But what has all this got to do with genocide? And how much weight should we give to psychology in a materialist history of mass killing? Sagall tries to answer this in the second part of his book where he examines four examples of “genocide”—that
of Native Americans in the 18th and 19th centuries, Armenians between 1915 and 1922, Nazi Holocaust victims and Tutsis in Rwanda in 1994. In this short review I will only discuss Sagall’s section on the Holocaust. Of the four examples given it is the Holocaust and its causes that have created perhaps the most debate on the left in Britain. This book is likely to create even more debate.

But first, how do Marxists explain fascism? We start with a class analysis. Fascism derives its core leadership and support from the petty bourgeoisie or middle classes. Trotsky, in an article called “What is National Socialism?” said: “German fascism, like Italian fascism, raised itself to power on the backs of the petty bourgeoisie, which it turned into a battering ram against the organisations of the working class and the institutions of democracy.”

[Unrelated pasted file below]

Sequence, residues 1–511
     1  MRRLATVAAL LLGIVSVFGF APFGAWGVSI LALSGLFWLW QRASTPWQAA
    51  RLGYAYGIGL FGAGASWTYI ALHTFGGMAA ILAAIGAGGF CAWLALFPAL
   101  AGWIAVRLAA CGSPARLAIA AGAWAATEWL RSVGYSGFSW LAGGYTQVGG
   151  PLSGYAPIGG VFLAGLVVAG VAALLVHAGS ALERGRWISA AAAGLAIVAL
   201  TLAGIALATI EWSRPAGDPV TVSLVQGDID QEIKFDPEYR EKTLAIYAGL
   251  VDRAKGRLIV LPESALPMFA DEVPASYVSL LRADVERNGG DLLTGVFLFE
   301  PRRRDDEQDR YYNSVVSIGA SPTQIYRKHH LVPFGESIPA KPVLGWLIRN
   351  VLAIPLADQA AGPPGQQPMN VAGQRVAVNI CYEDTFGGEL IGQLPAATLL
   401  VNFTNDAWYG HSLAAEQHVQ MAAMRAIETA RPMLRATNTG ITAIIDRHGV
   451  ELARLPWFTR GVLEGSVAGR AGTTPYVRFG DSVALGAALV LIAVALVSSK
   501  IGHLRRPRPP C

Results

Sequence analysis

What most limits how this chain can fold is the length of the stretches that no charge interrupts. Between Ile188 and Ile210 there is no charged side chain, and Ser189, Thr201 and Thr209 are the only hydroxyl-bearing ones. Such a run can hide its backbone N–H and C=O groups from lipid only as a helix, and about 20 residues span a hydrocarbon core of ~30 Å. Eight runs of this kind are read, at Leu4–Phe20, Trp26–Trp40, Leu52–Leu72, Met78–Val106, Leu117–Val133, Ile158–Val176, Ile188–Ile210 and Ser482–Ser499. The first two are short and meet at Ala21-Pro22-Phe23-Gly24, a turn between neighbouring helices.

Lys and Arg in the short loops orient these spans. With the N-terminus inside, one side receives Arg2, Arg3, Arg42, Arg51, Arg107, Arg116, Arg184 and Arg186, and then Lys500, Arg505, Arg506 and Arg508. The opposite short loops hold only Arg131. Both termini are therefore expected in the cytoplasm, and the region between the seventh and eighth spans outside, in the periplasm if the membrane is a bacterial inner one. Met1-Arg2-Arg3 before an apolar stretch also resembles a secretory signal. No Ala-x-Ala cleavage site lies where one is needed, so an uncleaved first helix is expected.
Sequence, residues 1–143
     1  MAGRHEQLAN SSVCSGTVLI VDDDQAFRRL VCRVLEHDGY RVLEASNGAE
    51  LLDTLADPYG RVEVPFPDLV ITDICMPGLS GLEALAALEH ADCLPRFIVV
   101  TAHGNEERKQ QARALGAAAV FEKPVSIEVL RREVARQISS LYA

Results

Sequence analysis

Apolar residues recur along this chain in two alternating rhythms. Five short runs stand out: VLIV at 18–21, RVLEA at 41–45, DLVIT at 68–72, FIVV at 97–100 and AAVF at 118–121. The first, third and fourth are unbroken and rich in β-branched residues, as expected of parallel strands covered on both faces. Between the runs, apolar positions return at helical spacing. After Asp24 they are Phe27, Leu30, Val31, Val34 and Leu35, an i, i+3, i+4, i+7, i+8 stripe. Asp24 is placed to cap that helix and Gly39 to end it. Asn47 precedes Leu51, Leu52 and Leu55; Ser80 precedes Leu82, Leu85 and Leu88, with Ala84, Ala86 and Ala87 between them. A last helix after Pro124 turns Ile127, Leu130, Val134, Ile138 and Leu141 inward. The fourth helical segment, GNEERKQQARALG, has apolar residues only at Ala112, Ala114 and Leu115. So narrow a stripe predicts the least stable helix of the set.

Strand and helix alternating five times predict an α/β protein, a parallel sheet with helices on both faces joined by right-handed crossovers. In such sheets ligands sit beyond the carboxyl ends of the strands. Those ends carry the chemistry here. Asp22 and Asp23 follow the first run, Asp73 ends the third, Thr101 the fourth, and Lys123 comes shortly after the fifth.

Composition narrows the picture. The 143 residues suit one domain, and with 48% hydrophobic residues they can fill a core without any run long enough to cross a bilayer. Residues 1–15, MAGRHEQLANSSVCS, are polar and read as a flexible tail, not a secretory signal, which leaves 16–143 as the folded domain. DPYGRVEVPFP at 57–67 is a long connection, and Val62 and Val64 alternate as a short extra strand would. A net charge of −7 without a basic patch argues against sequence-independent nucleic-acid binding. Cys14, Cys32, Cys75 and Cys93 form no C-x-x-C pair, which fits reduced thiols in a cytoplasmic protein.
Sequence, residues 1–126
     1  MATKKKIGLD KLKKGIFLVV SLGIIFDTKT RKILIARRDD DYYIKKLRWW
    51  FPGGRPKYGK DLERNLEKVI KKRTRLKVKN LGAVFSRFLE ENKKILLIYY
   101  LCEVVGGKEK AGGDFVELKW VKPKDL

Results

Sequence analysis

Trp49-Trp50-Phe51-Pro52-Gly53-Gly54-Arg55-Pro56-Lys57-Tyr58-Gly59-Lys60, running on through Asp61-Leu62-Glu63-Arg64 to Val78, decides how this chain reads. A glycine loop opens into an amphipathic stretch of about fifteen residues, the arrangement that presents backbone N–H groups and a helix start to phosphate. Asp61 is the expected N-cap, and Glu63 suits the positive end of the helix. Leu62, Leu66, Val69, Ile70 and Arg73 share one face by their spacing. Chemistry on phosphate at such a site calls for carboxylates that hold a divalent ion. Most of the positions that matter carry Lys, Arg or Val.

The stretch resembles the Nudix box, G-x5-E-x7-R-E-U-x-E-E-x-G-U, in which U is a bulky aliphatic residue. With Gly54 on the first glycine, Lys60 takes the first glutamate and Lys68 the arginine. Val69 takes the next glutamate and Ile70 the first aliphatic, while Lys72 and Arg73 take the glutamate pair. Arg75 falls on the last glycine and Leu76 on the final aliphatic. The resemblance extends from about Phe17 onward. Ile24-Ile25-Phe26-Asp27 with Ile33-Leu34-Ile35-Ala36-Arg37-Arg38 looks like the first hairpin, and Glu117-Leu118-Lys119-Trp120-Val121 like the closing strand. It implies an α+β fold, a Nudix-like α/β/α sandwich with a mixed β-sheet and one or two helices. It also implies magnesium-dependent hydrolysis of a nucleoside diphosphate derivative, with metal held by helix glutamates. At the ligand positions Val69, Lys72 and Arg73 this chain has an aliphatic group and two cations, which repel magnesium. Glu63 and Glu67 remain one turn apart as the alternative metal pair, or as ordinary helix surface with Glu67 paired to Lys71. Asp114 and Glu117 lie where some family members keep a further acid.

The middle classes, the self-employed, shopkeepers, middle managers, etc, are sandwiched between the two great contending classes, the working class and the ruling class. Weyman Bennett explains:

The middle classes necessarily occupy a contradictory position in society. Whereas workers are linked into organisations that organise collectively, the middle classes are individualised and isolated. When working class struggle is winning, the middle classes identify with progressive aims. But in periods of crisis, unable to turn to the collective struggle of the workplace, they are drawn to organisations with a radical rhetoric against the system whose focus of organisation is the street. Hitler said, “Mass demonstrations must burn into the little man’s soul the conviction that, though a little worm, he is part of a great dragon.”

Again Trotsky wrote that fascism “raises to their feet those classes that are immediately above the working class and that are ever in dread of being forced down into its ranks; it organises and militarises them…it directs them to the extirpation of proletarian organisations, from the most revolutionary to the most conservative” (in What Next? Vital Questions for the German Proletariat, written in 1932).

Fascists, therefore, aim to build a counter-revolutionary mass movement led by the middle classes on the streets and in parliament against all forms of democracy. The fascists promise the middle classes power and glory but it is all delusional. It is the ruling class that holds real power. Hitler and the Nazis (and Benito Mussolini in Italy), despite all their anti-capitalist rhetoric, could only come to power with the support and money of the ruling class.